Auburn defensive line vs. Mississippi State offensive line: Auburn brings a big, athletic defensive line back this season. Likely starters at tackle are senior Dontavius Russell and junior Derrick Brown. Junior strong-side end Marlon Davidson was a beast on A-Day. The buck side is a rotation between sophomores TD Moultry and Big Kat Bryant. Auburn can play monster sophomore Nick Coe at any position on the line with great results. Auburn has serious depth all across the line as well. The Bulldogs return 4 starters on the offensive line but must replace a really good left tackle in Martines Rankin. From left to right, the Bulldogs will likely start sophomore Greg Eiland, junior Darryl Williams, senior Elgton Jenkins, senior Deion Calhoun, and sophomore Stewart Reese. This was a solid line a year ago, but these guys lost the battle in the trenches decisively against Auburn the last two years, and might well do so again against the best defensive line Auburn has had in a while. Advantage: Auburn.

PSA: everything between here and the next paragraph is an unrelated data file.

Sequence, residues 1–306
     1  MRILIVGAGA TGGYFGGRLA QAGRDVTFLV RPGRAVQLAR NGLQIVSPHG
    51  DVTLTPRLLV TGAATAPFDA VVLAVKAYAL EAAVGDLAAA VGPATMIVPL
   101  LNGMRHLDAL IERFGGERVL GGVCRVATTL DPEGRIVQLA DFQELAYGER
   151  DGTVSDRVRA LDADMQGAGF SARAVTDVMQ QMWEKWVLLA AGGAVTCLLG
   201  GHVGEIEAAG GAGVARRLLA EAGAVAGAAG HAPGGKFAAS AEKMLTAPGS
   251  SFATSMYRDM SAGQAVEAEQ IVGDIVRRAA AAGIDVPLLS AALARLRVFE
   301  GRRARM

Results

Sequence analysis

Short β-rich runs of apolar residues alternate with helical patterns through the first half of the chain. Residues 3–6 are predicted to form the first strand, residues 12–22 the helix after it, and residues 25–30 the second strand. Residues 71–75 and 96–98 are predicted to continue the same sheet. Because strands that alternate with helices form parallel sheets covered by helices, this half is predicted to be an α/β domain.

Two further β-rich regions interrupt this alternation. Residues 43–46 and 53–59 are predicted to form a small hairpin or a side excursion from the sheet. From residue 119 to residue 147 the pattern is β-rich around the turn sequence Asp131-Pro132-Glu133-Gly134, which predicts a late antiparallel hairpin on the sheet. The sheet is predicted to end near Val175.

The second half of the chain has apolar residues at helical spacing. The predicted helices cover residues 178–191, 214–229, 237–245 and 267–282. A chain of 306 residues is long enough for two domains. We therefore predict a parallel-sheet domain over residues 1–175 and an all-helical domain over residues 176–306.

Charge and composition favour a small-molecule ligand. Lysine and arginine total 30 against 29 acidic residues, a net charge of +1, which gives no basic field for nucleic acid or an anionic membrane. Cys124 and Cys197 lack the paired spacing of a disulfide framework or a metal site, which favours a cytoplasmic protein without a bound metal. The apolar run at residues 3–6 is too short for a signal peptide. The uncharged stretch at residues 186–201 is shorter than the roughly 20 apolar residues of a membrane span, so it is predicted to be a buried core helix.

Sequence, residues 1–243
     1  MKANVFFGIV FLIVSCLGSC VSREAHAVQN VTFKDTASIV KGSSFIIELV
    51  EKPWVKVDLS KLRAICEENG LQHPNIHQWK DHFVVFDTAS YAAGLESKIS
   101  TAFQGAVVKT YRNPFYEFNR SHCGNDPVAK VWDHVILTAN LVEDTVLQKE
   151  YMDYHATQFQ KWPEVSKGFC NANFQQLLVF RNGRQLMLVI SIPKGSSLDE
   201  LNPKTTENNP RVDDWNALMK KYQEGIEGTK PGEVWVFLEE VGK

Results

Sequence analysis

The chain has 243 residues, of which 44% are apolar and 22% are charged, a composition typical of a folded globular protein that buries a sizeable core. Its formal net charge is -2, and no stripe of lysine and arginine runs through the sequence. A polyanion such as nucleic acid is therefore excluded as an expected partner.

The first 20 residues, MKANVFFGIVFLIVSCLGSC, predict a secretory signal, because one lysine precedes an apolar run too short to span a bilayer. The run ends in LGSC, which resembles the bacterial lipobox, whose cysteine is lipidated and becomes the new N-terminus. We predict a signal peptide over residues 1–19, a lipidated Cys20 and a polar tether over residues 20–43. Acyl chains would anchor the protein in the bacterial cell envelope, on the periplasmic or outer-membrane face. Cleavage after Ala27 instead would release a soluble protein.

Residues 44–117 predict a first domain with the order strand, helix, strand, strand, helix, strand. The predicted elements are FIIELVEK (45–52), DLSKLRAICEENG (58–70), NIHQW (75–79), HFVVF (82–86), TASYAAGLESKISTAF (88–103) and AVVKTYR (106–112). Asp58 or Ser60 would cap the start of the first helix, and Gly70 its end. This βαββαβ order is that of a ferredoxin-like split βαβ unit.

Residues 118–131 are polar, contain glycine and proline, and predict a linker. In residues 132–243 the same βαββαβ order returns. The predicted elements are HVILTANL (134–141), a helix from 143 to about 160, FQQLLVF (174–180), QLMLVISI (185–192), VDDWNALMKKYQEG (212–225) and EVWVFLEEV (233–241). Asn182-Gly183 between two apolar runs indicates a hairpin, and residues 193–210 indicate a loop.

Auburn linebackers vs. Mississippi State backs: The Tigers have a good cross-trained quartet of upper echelon SEC-caliber linebackers. Senior Deshaun Davis leads the bunch, seniors Darrell Williams and Montravious Atkinson are able to play all three positions, and we might see any combination of these players out on the field at a given time. Auburn has lots of depth behind the starters as well. Auburn’s linebackers play with leverage and are sure tacklers. Senior Aeris Williams quietly put together 1,107 rushing yards last season but was held to just 49 yards against Auburn. Sophomore Kylin Hill will spell Williams, and Hill picked up 393 rushing yards during his freshman campaign. This is a solid 1–2 punch for the Bulldogs. Auburn will be better. Advantage: Auburn.